Known as the Chemical, Biological, Radiological, Nuclear and High-Yield Explosive Enhanced Response Force Package (CERF-P), these soldiers and airmen assist local, state and federal agencies in conducting consequence management by providing capabilities to conduct personnel decontamination, emergency medical services and casualty search and extraction. They consist of both Army and Air Missouri National Guard assets working together in support of civilian emergency personnel for a strong, unified response team.
"Our intent of the training is to validate our ability to respond to a chemical, biological, radiological, nuclear or high-yield explosive, or weapons of mass destruction event," said Lt. Col. Joe Coyle, the CERF-P team commander. "Basically we want to exercise our headquarters staff, build our skill level so we can be more versatile and verify our training."
The CERF-P team is made up of several components. At the exercise, soldiers from the headquarters and headquarters company, 35th Engineer Brigade, of Fort Leonard Wood, made up the command and control portion.
Soldiers from the 117th Engineer Team (Asphalt), of Monett, and the 276th Engineer Company (Vertical), of Pierce City, provided the search and extraction element. Airmen from the 139th Airlift Wing, of St. Joseph, made up the medical component.
At full strength, an entire CERF-P team consists of 186 personnel, but for this exercise less than 80 were involved. The team gets together quarterly on a drill weekend to train, with an additional week of training, like this one, as part of their two weeks of annual training.
Coyle, who lives in Ballwin, said he was pleased with how the team performed.
"Our training time is limited during the year," Coyle said. "In a couple of days, the group has come together, built our skill levels and proved we've maintained some skills. We also worked on some things we haven't worked on before, so it's all been valuable training."
Early in the week, Coyle said the team pulled together to overcome some hurdles.
"We got it all working," he said. "That just proves the versatility of the National Guard soldiers and airmen, and that's really amazing how they can do that when you see them for one weekend a month and a couple of weeks a year."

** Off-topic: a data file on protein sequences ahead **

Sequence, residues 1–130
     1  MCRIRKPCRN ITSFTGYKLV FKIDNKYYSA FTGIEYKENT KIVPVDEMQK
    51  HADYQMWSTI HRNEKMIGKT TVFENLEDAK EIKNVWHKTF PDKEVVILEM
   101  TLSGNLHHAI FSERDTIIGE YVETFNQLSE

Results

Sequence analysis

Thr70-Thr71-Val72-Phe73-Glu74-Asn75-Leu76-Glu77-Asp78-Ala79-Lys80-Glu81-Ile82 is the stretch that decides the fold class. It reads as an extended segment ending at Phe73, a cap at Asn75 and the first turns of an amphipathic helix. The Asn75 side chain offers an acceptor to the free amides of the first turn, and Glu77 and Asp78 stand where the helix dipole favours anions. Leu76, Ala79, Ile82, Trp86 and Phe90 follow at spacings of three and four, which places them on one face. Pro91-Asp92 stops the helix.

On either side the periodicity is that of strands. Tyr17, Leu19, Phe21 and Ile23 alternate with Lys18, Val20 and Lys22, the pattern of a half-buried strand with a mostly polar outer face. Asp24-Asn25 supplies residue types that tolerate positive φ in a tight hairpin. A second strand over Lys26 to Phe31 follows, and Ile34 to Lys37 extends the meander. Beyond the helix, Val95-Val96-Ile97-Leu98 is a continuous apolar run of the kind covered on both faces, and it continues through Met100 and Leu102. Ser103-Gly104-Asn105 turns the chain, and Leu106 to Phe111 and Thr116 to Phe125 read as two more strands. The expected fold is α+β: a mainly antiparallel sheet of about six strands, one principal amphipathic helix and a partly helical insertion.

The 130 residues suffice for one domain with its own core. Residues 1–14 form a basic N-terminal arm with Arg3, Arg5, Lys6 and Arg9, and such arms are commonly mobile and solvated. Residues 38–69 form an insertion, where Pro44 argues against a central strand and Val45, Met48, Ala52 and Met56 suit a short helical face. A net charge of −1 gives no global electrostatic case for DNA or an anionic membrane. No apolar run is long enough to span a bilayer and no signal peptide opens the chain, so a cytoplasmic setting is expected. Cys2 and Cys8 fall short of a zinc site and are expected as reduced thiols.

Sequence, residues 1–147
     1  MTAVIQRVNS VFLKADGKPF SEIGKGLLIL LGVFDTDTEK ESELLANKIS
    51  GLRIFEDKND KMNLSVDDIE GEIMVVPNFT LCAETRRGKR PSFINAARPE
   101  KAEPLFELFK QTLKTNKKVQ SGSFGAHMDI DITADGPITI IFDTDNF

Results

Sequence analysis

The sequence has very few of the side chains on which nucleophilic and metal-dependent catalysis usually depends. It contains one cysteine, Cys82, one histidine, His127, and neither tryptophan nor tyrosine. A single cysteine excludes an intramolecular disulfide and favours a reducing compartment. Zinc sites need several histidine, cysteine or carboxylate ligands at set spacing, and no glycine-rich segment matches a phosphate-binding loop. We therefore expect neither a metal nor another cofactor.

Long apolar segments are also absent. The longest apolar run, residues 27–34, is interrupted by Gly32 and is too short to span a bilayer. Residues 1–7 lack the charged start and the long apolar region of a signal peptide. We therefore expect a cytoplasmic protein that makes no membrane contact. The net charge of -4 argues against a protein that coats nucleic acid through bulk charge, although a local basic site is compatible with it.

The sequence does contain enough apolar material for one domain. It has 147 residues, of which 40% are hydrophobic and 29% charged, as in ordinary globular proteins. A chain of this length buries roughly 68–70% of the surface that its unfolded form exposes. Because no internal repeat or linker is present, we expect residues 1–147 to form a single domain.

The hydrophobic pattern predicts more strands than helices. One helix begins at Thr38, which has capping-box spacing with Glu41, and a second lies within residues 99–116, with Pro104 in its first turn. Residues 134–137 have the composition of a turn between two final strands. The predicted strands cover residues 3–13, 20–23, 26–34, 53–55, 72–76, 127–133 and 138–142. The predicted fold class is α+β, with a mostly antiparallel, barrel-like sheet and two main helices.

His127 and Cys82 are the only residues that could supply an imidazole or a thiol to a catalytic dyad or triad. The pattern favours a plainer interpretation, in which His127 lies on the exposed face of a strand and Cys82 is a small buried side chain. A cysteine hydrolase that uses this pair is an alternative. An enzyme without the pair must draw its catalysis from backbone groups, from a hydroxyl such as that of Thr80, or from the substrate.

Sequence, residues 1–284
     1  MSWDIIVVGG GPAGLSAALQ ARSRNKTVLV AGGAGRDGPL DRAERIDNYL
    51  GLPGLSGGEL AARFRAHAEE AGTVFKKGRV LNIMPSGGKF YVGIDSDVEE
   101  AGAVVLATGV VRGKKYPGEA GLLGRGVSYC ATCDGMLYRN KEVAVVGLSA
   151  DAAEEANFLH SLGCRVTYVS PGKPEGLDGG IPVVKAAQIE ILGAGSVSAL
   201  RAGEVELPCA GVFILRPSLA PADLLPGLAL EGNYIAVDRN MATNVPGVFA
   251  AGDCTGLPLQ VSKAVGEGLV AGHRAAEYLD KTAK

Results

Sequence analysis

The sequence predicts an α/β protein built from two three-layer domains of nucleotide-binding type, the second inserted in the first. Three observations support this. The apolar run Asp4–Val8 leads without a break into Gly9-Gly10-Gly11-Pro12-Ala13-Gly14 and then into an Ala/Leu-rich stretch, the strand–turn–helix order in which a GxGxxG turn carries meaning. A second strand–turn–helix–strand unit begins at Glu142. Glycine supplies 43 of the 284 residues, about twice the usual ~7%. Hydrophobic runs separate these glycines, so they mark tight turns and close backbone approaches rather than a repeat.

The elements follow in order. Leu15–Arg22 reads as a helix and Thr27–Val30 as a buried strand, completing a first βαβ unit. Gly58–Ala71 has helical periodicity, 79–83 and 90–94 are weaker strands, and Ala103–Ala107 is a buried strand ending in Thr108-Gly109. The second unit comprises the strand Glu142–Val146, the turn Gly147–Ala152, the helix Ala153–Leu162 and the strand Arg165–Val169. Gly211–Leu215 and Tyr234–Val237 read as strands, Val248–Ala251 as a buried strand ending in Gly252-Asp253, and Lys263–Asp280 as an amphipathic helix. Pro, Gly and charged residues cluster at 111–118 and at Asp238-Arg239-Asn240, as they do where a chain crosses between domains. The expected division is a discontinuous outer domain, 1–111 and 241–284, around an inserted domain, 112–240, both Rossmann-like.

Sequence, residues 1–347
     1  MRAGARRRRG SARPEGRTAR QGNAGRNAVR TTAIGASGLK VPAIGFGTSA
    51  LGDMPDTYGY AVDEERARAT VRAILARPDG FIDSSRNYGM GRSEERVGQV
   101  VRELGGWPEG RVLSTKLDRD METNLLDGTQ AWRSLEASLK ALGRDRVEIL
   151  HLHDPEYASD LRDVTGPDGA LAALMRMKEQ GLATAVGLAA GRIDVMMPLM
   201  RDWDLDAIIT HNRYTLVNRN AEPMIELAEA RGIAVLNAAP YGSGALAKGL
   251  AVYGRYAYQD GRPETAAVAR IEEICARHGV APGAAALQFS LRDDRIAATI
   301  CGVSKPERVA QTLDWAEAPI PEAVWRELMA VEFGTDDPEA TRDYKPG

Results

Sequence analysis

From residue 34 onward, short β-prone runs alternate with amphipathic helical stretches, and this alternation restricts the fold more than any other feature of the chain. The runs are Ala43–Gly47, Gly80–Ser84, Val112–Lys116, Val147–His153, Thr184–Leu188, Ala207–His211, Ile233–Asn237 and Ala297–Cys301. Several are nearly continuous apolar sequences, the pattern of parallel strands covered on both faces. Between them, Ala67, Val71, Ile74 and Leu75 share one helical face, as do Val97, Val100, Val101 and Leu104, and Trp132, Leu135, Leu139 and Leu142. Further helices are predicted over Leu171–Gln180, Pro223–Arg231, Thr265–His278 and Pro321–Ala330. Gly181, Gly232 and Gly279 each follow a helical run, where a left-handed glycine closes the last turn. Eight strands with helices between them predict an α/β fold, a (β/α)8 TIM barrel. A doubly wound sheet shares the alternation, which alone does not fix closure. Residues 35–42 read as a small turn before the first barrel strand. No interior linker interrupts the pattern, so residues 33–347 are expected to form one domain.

The command and control component of the team's basic mission is to quickly set up tents, computers, portable satellite, phones and other communications systems to provide a base of operations to coordinate the team.
Sergeant First Class Leonard Morrow, operations noncommissioned officer in charge, has been a part of the command and control component of the team for more than two years. He said because new Guardsmen are brought in all the time to replace those who have moved on, and because they also have additional training for their regular state and federal missions, all training opportunities are precious.
"They get a lot of experience," said Morrow, who lives in Edgar Springs. "We need to do this more often."
For the search and extraction component, soldiers donned protective gear and went over their techniques and procedures for searching through an onsite rubble pile for "survivors," portrayed by training mannequins.
"Basically this training is to relearn the basics so we can do our job safely," said Sgt. 1st Class Steve White, the commander of the search and extraction component.
Guardsmen in the search and extraction component work with ropes, knots, pulley systems, personnel extraction devices and breaching and shoring equipment.
A few days after this training, the unit was on duty May 22 conducting search and rescue missions within hours of the tornado hitting Joplin. The unit searched the wreckage of Home Depot and Walmart in the darkness.